Fortnite returns (and yes, its blackout was a marketing stunt): Wednesday Wake-Up Call
Fortnite is back
Fortnite, the free online video game, shut players out for nearly two days, with its online world disappearing and the screen turning into a black hole. The hit game returned Tuesday as Fortnite Chapter 2, with new features and a new island setting. But the blackout—which stunned people, left them wondering about the game’s future and got them talking—is something marketers should take a closer look at. Fortune reports:
“It was, of course, a PR stunt. But it was one that did exactly what it was supposed to do: It put Fortnite—and its new release Fortnite Chapter 2— firmly back into the collective gaming conversation just as the game was beginning to lose a bit of its coolness factor.”
Also: If you still don’t know much about Epic Games' Fortnite, don’t feel too bad: Lady Gaga just asked Twitter what it is, to the hilarity of gamers.
Soon you may start seeing ads for beer—not for any specific brand, just beer in general. The idea is to help beer compete better, given the growing popularity of wine and spirits (and White Claw). As Ad Age’s E.J. Schultz reports, the campaign, called “Beers to That,” is being tested in Austin, Texas. It casts beer as a celebratory beverage, and it's backed by three trade groups representing distributors, big brewers and craft brewers. (MillerCoors is sitting out the effort, given its ongoing spat with Anheuser-Busch InBev.) The goal is to widen beer’s fan base. “Maybe 20 or 15 years ago we were content to own the pro sports and the Nascar” but “that is not where all the consumers are today,” Craig Purser, president and CEO of the National Beer Wholesalers Association, tells Schultz in the latest edition of Ad Age’s Marketer’s Brief podcast. Listen to their conversation, then subscribe on iTunes or Spotify.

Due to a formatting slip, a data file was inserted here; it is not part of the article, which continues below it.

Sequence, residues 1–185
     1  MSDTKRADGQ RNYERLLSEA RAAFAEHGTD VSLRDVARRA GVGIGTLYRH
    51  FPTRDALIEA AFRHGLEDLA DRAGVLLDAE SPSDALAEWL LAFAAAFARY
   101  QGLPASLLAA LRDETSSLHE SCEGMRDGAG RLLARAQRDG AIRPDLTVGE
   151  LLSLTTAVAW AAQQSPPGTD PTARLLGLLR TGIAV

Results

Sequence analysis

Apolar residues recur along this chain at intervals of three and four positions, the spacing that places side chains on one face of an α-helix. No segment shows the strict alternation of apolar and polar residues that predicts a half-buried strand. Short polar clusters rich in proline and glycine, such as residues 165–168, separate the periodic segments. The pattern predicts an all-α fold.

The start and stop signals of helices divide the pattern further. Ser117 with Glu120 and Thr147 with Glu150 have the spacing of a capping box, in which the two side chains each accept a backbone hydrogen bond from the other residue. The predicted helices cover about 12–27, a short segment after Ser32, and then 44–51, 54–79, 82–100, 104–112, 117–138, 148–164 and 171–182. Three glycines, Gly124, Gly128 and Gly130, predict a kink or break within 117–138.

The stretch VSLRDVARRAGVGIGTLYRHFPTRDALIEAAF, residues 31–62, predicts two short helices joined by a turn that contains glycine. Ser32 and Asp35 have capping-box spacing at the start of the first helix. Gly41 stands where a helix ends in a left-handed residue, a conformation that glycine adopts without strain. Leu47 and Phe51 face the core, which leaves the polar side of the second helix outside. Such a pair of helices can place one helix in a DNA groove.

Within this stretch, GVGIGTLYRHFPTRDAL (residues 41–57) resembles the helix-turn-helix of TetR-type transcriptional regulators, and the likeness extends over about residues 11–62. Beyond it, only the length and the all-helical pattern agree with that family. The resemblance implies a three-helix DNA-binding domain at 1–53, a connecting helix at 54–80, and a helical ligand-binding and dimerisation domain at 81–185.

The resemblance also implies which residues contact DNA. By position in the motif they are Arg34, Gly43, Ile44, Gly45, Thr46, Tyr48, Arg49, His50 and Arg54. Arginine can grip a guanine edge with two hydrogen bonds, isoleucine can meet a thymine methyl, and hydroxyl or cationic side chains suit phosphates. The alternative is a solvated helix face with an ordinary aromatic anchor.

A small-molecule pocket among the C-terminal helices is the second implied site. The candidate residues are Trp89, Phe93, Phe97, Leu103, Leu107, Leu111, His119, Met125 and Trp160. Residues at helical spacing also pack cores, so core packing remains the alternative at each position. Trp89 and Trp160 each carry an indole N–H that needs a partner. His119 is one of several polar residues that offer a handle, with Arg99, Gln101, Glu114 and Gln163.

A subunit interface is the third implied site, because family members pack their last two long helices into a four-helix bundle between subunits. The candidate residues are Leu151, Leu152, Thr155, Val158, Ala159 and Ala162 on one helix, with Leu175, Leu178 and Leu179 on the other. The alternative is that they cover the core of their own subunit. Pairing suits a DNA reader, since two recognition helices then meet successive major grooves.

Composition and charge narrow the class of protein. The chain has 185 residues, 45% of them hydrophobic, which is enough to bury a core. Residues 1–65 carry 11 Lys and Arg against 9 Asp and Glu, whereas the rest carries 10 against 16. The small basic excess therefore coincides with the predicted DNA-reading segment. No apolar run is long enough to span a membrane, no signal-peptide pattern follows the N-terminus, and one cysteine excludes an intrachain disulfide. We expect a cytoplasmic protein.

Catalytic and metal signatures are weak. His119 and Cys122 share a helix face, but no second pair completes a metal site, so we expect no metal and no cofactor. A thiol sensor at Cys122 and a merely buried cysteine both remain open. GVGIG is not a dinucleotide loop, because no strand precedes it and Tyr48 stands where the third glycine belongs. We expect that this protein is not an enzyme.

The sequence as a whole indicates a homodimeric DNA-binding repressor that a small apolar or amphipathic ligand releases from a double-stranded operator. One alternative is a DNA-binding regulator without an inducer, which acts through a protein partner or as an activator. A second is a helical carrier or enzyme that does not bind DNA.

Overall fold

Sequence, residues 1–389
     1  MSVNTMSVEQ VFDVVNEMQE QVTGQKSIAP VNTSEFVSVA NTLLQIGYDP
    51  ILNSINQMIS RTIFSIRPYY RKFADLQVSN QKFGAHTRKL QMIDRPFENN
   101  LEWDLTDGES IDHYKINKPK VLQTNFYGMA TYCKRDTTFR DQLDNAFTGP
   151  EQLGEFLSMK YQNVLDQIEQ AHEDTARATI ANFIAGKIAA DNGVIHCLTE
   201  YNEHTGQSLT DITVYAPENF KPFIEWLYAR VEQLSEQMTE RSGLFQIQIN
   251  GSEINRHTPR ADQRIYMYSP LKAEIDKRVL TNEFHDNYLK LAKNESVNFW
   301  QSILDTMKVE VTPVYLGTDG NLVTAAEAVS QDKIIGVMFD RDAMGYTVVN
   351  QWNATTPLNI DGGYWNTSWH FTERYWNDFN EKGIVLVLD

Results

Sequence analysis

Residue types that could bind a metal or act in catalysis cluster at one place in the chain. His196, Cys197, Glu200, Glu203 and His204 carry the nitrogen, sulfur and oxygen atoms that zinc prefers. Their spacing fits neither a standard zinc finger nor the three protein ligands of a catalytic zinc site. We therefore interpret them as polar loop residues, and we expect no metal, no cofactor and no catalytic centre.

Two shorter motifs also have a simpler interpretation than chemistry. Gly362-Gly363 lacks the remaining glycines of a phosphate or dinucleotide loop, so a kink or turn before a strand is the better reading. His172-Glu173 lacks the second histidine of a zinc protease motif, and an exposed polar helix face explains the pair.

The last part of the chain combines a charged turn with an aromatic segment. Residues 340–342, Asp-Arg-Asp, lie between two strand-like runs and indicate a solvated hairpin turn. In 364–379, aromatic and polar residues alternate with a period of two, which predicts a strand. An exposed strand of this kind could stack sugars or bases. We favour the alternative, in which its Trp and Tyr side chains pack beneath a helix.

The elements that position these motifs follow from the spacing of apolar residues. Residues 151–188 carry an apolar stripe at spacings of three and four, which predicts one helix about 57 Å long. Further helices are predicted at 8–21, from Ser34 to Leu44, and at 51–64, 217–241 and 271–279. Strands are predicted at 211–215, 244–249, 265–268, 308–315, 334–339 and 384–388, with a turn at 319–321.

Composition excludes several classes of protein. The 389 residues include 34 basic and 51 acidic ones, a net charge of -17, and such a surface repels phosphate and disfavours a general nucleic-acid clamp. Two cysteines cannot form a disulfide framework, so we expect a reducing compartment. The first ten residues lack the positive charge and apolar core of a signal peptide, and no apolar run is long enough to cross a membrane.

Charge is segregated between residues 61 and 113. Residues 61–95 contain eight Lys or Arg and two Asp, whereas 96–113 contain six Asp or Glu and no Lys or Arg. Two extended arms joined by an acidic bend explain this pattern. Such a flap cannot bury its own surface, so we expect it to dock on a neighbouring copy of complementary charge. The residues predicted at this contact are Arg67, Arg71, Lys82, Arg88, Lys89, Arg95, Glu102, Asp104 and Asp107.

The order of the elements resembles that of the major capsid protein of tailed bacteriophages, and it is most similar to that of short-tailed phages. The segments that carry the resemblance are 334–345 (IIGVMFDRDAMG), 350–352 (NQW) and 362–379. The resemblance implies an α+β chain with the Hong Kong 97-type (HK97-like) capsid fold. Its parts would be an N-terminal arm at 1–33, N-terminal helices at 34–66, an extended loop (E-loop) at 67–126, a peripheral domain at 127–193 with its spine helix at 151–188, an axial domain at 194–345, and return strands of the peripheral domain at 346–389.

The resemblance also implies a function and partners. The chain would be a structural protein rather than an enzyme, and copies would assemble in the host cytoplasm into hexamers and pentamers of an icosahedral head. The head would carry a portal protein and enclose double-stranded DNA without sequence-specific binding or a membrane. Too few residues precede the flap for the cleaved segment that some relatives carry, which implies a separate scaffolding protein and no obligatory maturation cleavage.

At the Association of National Advertisers conference in Orlando, Florida this month, Dunkin’ U.S. Chief Marketing Officer Tony Weisman wore Dunkin’-branded Saucony sneakers and a Dunkin’ lapel pin. As it turns out, though, the on-brand marketer is leaving Dunkin, Ad Age’s Jessica Wohl reports. Weisman, who spent two years in the role, oversaw Dunkin’s move to drop the “Donuts” from its name. He's leaving as of Dec. 1; it’s not clear what his next move is.
Yikes: “Taco Bell removed and discarded 2.3 million pounds of seasoned beef from eateries in 21 states after a customer found a metal shaving in a menu item,” CBSNews.com reports.
Direct-to-fridge: “Walmart is launching a new service that will deliver groceries — and put them away in your fridge,” CNBC reports. It’s called InHome and it launched Tuesday in Kansas City, Pittsburgh and Vero Beach, Florida.
Don’t panic, though: S4 Capital Chairman Martin Sorrell “described the state of holding companies, which he said are too focused on the declining traditional media sector, as ‘catastrophic.’” Read more of Sorrell’s comments from his conversation with Ad Age Editor Brian Braiker at the DPAA Video Everywhere Summit in New York.
Deepfakes: Are deepfake videos too creepy to use for marketing? Not always. In Ad Age, Garett Sloane looks at what might work: “Company CEOs and celebrity endorsers could speak directly to individuals with customized messages, even referring to a consumer by name.”
Huh: AMC Entertainment, the movie theater chain, debuted an “iTunes-style online video store” in the United States, The New York Times writes. (Because we definitely are lacking in online video-viewing options.)
Unboxing of the day: As Google’s Pixel 4 debuts, the company is delivering the phone to some VIPs by tucking it inside Domino’s pizza boxes. "To showcase the Pixel 4's hands-free functions, Google decided people should test out the new phones while their hands are occupied holding pizza,” Ad Age’s Jessica Wohl writes. The concept's a a little tricky to wrap your head around but … why not? Plus, free pizza.
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